Abigail and Bailey hailed an airport cab and handed the cabby the note written in French with directions and the address of their paternal grandparents’ villa in Beaumont-sur-Oise.
“I hope Aunt Rachel wrote down the right sur-Oise town,” Bailey whispered to her sister. “I looked on a map and there’s a bunch of them.”
The cabby locked eyes with both women in his rear-view mirror. Not certain if Baily’s comment offended the cabby, the sisters remained silent for the remainder of the trip.
The drive through the Parisian suburbs eventually gave way to open fields, contained villages and homes dotted along the way in between. Finally, the cab slowed and took a right turn.
“Mesdames, c’est l’adresse. C’est beau, oui?” the cabby said.
The villa was just as described. A large multi-storied structure built by their great grandparents a hundred years ago, it looked like something out of a gothic novel. It had been vacant a while but was otherwise in good shape.
“This is where daddy grew up? Wow.”
“Far cry from our home, huh?”
“What’s all this stuff?”
Bailey stood in a corner room on the top floor, lit by a single floor lamp and small a porthole window under the eave. She stared at a wall of cardboard boxes covered in dust and cobwebs. She could not make out the writing.
“What stuff?” Abigail called back from somewhere down the hall.
“All these boxes. I can’t read the writing.”
Abigail came into the room and tried reading the writing, too. “Well, it’s not French. Dad said his grandparents were from Belgium…so, Flemish maybe? Must be things of theirs.”
“Should we, what…open them? See what’s in them first?”
Abigail grabbed a box and pulled. Dust showered down, filling the room in a fog and subjecting Bailey to a fit of sneezing.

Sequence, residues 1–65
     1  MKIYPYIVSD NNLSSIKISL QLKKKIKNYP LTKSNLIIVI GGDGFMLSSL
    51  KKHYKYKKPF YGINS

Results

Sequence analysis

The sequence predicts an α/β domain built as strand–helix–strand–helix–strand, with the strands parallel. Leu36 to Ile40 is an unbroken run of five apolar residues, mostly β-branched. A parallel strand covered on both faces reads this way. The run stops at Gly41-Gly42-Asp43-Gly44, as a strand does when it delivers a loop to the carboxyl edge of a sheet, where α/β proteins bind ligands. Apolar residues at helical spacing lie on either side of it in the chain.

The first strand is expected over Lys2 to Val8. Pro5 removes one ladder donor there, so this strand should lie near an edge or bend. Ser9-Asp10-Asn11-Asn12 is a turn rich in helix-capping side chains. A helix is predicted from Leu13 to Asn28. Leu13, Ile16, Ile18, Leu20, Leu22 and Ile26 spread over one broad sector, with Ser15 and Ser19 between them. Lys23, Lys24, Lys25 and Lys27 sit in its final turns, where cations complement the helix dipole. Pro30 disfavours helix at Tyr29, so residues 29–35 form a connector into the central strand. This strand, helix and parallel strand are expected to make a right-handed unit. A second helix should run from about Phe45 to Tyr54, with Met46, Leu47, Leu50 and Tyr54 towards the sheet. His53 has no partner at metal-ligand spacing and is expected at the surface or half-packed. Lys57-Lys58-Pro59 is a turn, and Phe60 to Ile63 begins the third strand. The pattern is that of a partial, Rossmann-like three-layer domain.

“This one’s got clothes, looks like,” Abigail said as she pulled garments out and dropped them on the floor.
Bailey held up the garments, one by one. “They look vintage, for sure. Hey!” She held a military jacket up to her chest. “It looks like a woman’s uniform.”
“Are those medals?” Abigail asked, pointing. Bailey flipped the coat around to look.
“Yeah, I guess.”
Abigail turned her attention back to the open box. She held up a small brass object. It was scalloped shaped with a hinged lid and a handle. The top was decorated with beading and filigree. Something rattled loosely around inside. She opened the lid and took out a pearl and gold beaded bracelet.
“Pretty,” Bailey said. “Anything else in it?”
“No, that’s it. Is this a box, or a, what?” Abigail held the object this way and that. She put the bracelet back into its curious container.
Bailey reached into the cardboard box and took out a book and a pair of pink ballet toe shoes. “Ever hear of a dancer in the family?”
“Yeah, remember? Grandpa used to tell stories about his sister, the ballerina. She was with some famous company in Paris. Hobnobbed with famous people. What’s the book?”
“It’s in French.”
“Give it here,” Abigail gestured. Baily handed over the book.
“It says, Letters from the Earth. Oh! It’s by Mark Twain. Huh.”
“I know that book. Had to read it in college. I thought all this stuff was generations old. What’s it doing in the box?”
Abigail opened the cover. “It has an inscription…” she silently mouthed the French words. “It says, To Adrian, uh, que ce livre vous aide à comprendre la nature du deuil. Something about grief. Nature of grief. Doesn’t say who wrote the note.”
“We have a cousin named Adrian. Somewhere here in France.”
The last two items in the box were a broken teacup and a framed photo. “Oh, my god, Abigail, look!”
Bailey held out the photo to her sister. A woman in the same military jacket they found in the box posed with a rifle. “Those are the same four medals, look!”
“She looks like Aunt Rachel, doesn’t she?”
“Wow. You think that’s our great grandmother? Was she a soldier? What army? I thought women weren’t allowed in the army.”
Abigail pried open the frame, pulled out the photo and flipped it over. “A message to a Lucas. It’s in Flemish, I bet. I can’t read it.”
In response to Objects in a Box writing prompt